Retail work and the instability of the New Year

by Mark Ortiz | January 30, 2015 4:02 pm

The New Year tends to be a time for new beginnings, but for Americans who work in seasonal jobs in the retail industry, the New Year can be a very unsettling time. The rush for material goods has finally subsided, and work hours disappear along with the jobs, creating only a select number of positions for seasonal workers.

For people with permanent retail jobs, the holidays present the best opportunity to generate income for the year, but for those people hired to be seasonal help, the holiday season is an unstable trial period that often ends in unemployment.

The retail industry has continued to hire more seasonal workers since 2009’s great recession, this year hiring over 600,000 people.  But in recent years, the retail industry is also responsible for cutting more jobs after the holiday rush than any other industry. In January of 2013 11,400 retail positions were terminated, a 71% increase from the previous year.

Janelle is a 21-year-old seasonal hire who said she has mostly enjoyed her experience working at Macy’s.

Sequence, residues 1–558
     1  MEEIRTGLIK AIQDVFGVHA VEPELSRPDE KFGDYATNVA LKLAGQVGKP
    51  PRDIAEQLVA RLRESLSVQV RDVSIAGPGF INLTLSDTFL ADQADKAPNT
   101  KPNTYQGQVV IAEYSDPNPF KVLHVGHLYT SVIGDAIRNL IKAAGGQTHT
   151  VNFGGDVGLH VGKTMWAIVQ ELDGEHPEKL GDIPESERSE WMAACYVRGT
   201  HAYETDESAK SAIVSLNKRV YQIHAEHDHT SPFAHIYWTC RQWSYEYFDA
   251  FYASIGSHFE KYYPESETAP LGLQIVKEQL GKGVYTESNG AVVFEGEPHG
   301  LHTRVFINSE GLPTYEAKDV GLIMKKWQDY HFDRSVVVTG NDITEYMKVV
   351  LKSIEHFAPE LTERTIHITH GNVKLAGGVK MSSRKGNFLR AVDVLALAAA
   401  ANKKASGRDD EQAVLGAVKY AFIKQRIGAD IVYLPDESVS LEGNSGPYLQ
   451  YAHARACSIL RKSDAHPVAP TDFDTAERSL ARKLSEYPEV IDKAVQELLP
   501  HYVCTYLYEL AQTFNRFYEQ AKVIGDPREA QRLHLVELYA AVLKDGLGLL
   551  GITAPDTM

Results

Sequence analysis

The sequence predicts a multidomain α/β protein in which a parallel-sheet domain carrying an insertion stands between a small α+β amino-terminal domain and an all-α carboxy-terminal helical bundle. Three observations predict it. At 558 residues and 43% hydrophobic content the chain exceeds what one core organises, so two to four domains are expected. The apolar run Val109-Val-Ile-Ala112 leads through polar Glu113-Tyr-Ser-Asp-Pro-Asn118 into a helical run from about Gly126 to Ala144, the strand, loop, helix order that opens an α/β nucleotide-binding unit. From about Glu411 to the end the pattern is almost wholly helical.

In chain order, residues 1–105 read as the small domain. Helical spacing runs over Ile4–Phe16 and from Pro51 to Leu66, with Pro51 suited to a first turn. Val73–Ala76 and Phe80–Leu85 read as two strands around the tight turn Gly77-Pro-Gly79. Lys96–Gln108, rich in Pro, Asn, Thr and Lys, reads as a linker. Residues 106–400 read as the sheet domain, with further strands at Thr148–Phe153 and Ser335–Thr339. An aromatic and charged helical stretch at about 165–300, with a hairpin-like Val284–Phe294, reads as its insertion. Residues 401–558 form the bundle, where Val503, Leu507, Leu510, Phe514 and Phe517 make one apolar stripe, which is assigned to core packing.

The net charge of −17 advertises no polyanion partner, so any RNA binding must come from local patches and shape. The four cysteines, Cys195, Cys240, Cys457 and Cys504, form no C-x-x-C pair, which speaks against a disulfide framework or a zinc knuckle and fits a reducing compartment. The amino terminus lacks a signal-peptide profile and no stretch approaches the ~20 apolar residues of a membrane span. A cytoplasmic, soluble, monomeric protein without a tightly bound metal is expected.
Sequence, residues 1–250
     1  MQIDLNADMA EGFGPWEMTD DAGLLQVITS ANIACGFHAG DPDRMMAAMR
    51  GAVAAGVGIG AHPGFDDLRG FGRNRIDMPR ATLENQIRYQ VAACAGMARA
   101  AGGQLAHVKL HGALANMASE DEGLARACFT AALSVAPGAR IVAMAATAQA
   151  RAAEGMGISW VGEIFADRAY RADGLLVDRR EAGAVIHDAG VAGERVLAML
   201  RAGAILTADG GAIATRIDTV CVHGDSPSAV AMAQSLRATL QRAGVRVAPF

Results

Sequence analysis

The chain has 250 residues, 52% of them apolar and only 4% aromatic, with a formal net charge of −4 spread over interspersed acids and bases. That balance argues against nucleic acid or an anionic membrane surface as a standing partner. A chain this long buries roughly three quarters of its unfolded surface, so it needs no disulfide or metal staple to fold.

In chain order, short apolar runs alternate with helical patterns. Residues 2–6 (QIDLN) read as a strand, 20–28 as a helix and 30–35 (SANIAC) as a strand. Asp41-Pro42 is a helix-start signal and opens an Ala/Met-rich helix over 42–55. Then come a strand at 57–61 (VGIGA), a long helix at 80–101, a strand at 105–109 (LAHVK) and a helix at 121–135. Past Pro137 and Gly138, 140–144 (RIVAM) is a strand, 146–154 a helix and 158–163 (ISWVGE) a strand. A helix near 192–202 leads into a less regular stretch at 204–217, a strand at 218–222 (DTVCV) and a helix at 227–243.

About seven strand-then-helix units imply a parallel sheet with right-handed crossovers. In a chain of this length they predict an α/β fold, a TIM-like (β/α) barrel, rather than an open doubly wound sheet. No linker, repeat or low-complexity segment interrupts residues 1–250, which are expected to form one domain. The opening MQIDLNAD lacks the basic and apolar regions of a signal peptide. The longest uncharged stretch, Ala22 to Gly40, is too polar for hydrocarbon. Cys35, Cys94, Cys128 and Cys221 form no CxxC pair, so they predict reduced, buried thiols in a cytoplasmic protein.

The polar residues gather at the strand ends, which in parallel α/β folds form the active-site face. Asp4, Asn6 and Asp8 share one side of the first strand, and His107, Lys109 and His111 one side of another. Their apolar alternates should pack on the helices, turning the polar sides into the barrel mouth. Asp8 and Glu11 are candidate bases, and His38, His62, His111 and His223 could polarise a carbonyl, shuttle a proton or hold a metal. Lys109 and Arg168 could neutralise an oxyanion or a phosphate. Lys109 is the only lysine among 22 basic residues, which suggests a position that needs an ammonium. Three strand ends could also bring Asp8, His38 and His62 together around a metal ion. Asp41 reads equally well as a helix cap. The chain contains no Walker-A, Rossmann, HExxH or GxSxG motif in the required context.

“People on my floor make it fun,” she said, but mentioned that she felt she had been treated unfairly as a seasonal employee by her peers.

“Some of the associates take advantage of the new seasonal [hire], for example, leaving us more work and disappearing often.” Seasonal helpers are expected to take direction from managers, but with management busy during the holidays, they often find themselves taking direction from their coworkers.

Expectations vary, but most employers require that seasonal hires pick up the grunt work. This includes covering the graveyard shift, 6am-opening shifts, and midnight closing shifts. The position can be great for an employee wanting to test out the retail industry, but promises little to those hoping for stable work throughout the year.

“The hours started at 20, then escalated to 39 and are now back at 20,” said Janelle, commenting on scheduling changes that come with the changing seasons. The weeks after Black Friday tend to be the busiest for retail workers, but the weeks between the 4th and the 17th of December required some associates to work close to 60 hours.

When I asked about the prospect of work in the new year, most seasonal workers told me they either had other work lined up or that they would be ready to search for work. It’s not uncommon to hear about a friend taking on a job driving cabs for Lyft or Uber, or delivering groceries with Instacart to supplement their part-time retail jobs.

Janelle felt she did a good job this holiday season, but she is still unsure if she will be hired permanently. “They might hire me,” she said, “but I’m going to look for another job.”

Featured image via Eric Seelig:

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